bout a year ago Jess and I went through our first escape room together with a group of friends and family. For those of you that don’t know what an escape room is, it’s a themed room with a sequence of mental puzzles and disguised or hidden solutions. The idea is that you’re trapped in a room and you have to figure out how to escape. One solution often leads to another puzzle. Sometimes there are hidden keys, ciphered combinations, and other tricky things to be solved. Some items are hidden very well, others are in plain sight. Eventually, once you solve the entire sequence of puzzles, you’re able to “escape” the room. (I was happy to note that the door isn’t actually locked–you can leave at any time, but the goal is to EARN your freedom by solving the puzzles!)
Hidden in the escape room Jess and I found some great marriage lessons.
Here’s what we learned and what it means in YOUR marriage:
- You’re in it together
- We have different skill sets, and that’s GOOD!
- Know your strengths (and weaknesses!)
- Keep open communication lines
- Encourage each other
- Have a common goal
One of the rules of the escape room was that you only can have an “official” time if everyone stays in the room until you figure out how to “escape”. If anyone leaves, it doesn’t count. The same is true in marriage. You’re in it for life, so it’s best to figure out how to work together!
Jess is a star at finding things, communicating, and looking at the overall problem, whereas I excel at the detailed thinking, connecting pieces of the big picture, the mental puzzles, and the logic problems. Working through the escape room amplified these skills in each of us, but they’re very much skills that are present in everyday life.
I remember going through a drawer of things twice in the room, looking for a key. I was trying so hard to be really thorough, but I didn’t find anything. However, when Jess looked in that same drawer, she almost immediately found a key that I had missed, and it allowed us to move to the next puzzle. I probably wouldn’t have found it even if I looked again. She’s a great finder when it comes to those types of things and I’m not. From that moment on, she was the designated “finder”. And she did her job very well.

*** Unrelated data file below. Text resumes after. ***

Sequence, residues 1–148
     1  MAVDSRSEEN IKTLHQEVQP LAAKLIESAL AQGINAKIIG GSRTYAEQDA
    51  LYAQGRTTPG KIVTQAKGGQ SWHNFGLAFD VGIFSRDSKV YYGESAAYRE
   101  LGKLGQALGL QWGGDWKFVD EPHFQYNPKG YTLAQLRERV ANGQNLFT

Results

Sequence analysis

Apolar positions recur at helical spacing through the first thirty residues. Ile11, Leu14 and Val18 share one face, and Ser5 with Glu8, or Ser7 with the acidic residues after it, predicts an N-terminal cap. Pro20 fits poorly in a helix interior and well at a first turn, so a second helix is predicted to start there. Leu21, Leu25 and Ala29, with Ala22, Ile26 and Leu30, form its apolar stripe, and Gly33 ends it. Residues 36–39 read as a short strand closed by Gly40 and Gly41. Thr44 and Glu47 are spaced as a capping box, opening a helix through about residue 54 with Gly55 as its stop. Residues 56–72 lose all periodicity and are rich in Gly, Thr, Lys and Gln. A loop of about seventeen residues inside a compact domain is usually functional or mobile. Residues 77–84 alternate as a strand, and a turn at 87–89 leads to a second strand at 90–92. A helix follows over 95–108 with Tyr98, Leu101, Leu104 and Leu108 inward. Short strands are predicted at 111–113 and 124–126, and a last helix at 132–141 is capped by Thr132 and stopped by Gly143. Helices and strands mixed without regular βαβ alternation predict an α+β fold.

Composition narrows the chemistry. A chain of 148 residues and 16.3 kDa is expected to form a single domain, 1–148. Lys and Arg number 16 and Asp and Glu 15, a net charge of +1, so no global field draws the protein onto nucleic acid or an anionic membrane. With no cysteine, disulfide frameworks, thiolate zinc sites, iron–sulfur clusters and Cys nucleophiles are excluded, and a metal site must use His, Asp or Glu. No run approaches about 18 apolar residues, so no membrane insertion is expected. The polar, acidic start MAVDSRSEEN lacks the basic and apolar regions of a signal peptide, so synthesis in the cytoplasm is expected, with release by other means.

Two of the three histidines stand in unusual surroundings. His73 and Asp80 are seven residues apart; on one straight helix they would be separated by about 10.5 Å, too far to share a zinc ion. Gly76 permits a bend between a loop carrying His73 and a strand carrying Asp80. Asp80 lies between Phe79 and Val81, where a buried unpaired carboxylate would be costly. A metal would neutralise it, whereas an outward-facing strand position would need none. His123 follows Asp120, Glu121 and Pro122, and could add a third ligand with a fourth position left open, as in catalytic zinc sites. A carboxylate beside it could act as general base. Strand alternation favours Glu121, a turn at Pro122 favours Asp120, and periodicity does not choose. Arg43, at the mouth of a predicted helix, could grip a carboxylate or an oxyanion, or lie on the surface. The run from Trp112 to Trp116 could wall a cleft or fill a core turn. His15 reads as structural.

It’s so easy to apply that type of logic and skill-based job assignment to an escape room, but somehow much harder to do that in your marriage. If your spouse is best at budgeting, managing a calendar, or connecting with people, let them shine! When we’re married, it’s much less important who does the tasks than it is that all the tasks get done well.
As we worked to escape the room, I kept burying myself in puzzles trying to figure them out on my own. But, more than once as I was working on my puzzle, someone else had uncovered information I needed to find my solution somewhere else. Thankfully, Jess (in addition to finding things) was bouncing around the room talking to everyone and keeping tabs on everyone’s progress. She was able to see the different parts of the solutions and help coordinate the parts so everyone kept moving smoothly.
To have a successful marriage, we need to keep open communication lines between husband and wife. One of us will often see something the other doesn’t. Like the key in the escape room drawer. Or a different perspective. Whatever it is, by sharing what we see, we’re able to play to our strengths as a team instead of just our individual strengths.
As we solved different parts of puzzles, we were praising and encouraging each other. It’s great to feel like you’ve done something well, and it’s great to recognize when others have hit their goals. In marriage, we want to celebrate our accomplishments together, both individual accomplishments and those we complete together.
In the escape room, our common goal was to solve the puzzles and get out of the room. The same is true in any marriage. By setting and working toward common goals, we’re able to get much further than if we just float along without purpose.
Escape rooms are a ton of fun, but the skills you need to succeed are actually pretty significant. And you need them to succeed in marriage as well. You’ll need to play to your strengths, talk through what you’re seeing, support each other, and work toward a common goal. And by doing so, you’ll go much farther and be much closer doing so.
Which areas do you do well in your marriage? Which ones are a struggle? Share your thoughts in the comments–we’d love to hear from you!